Search Results

You are looking at 51 - 60 of 460 items for :

  • "validation" x
  • Athletic Training, Therapy, and Rehabilitation x
Clear All
Restricted access

Serkan Usgu, Günseli Usgu, Fatma Uygur and Yavuz Yakut

. If this change was less than these MCD values, we cannot conclude that athlete’s function has significantly improved after treatment. The FAAM-T MDC values were higher than the values reported for the English version (ADL MDC: 5.7; Sport MDC: 12.3) and other validation studies. 14 , 32 , 34 These

Restricted access

Bailey Peck, Timothy Renzi, Hannah Peach, Jane Gaultney and Joseph S. Marino

–7 times per week]). A validation study of this instrument found symptoms of sleep apnea loaded on a single factor (MAP Index 1; average frequency of loud snoring, breathing cessation, and snorting/gasping) and had good test–retest reliability ( r  = .92). 15 Predictive ability was assessed using receiver

Open access

Katrina G. Ritter, Matthew J. Hussey and Tamara C. Valovich McLeod

Clinical Bottom Line There is moderate evidence to support subsymptomatic aerobic exercise as a treatment of PCS; therefore, it should be considered as a clinical option for reducing PCS and prolonged concussion symptoms. Clinicians should use a previously validated protocol to determine subsymptomatic

Open access

Stephan R. Fisher, Justin H. Rigby, Joni A. Mettler and Kevin W. McCurdy

session. There continues to be widespread use of cryotherapy techniques postexercise despite inconsistencies in the literature validating its effectiveness. Cryotherapy decreases the tissue metabolic rate, 14 promotes superficial vasoconstriction, 15 decreases vascular permeability, 16 and leads to

Restricted access

Nicole C. George, Charles Kahelin, Timothy A. Burkhart and David M. Andrews

, tissue mass prediction equations for the upper 12 and lower 14 extremities have been developed from simple surface anthropometric measurements (lengths, circumferences, breadths, skinfolds) and validated against the actual tissue masses provided by DXA. These regression equations allow for the

Restricted access

Natalia Romero-Franco, Juan Antonio Montaño-Munuera, Juan Carlos Fernández-Domínguez and Pedro Jiménez-Reyes

. More recently, authors have considered low-cost instruments like the inclinometer that may be used in field conditions to assess the JPS in a more clinician-friendly way. 7 , 9 , 10 Previous studies have validated this methodology to assess the JPS in shoulder rotations and knee extension and flexion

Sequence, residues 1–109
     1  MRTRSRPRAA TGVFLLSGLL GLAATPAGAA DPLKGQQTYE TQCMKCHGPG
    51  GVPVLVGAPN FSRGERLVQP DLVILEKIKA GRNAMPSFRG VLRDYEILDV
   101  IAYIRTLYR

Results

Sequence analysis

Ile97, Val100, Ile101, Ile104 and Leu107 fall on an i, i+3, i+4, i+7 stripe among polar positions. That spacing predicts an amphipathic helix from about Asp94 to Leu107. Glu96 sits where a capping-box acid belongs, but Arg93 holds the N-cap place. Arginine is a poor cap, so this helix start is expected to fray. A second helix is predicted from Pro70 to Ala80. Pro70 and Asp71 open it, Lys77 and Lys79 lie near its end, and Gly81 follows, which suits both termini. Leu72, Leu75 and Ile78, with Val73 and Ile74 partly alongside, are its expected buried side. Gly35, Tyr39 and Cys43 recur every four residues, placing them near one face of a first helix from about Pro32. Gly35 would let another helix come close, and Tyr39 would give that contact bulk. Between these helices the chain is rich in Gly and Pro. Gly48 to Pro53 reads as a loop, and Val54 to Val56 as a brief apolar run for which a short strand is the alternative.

Restricted access

Joseph B. Lesnak, Dillon T. Anderson, Brooke E. Farmer, Dimitrios Katsavelis and Terry L. Grindstaff

different testing methods was determined using a Pearson product–moment correlation coefficient. Linear regression was used to develop a prediction equation, and Bland–Altman plots with limits of agreement calculations were used to validate the prediction equation. The sample was randomly divided evenly

Restricted access

John de Grosbois and Luc Tremblay

by the presence of a significant aftereffect in the final block completed without TF. That is, the presence of such aftereffects can be confidently interpreted as evidence for significant offline prism adaptation (e.g., Redding & Wallace, 2008 ). Also, a validation of the influence of online vision

Restricted access

Robert K. Jensen, Tina Treitz and Han Sun

The purpose of the study was to use the elliptical cylinder model adapted for infants (Sun & Jensen, 1994) with a cross-sectional sample to select appropriate multiple linear regression equations for predicting masses and nonlinear regression equations for predicting principal moments of inertia (Yeadon & Morlock, 1989). The linear and nonlinear predictions were evaluated with an independent cross-validation sample of infants and a sample where inertias ranged below and above the cross-sectional sample. The cross-validation for masses was compared to a cross-validation of four linear regressions for masses developed by Schneider and Zernicke (1992). It is recommended that the linear regression equations developed in this study be used to predict infant segment masses. It is also recommended that the nonlinear regression equations developed in this study be used to predict the principal moments of inertia of all infant segments, other than head Ix and lower trunk Ix and Iy.

Restricted access

Robert K. Jensen and Paula Fletcher

The segment principal moments of inertia of a sample of 7 elderly males and 12 elderly females were estimated using a model based on stacked elliptical cylinders at 2-cm intervals. Apart from the thigh, all male parameters were larger than female parameters. The largest differences were for the lower trunk and hand and for the forearm. The inertia parameters of the thigh for the males were about 12% smaller than the females. Nonlinear estimations of segment principal moments were then determined. The effect of the differences was tested by cross validating cadaver results against the elliptical model results. The regressions were then cross validated using an independent sample of 6 subjects. The standard errors of fit given as a percentage of the mean, Sf, were smaller than the cross validation results for the cadaver regressions and the differences were attributed to differences between cadavers and living subjects.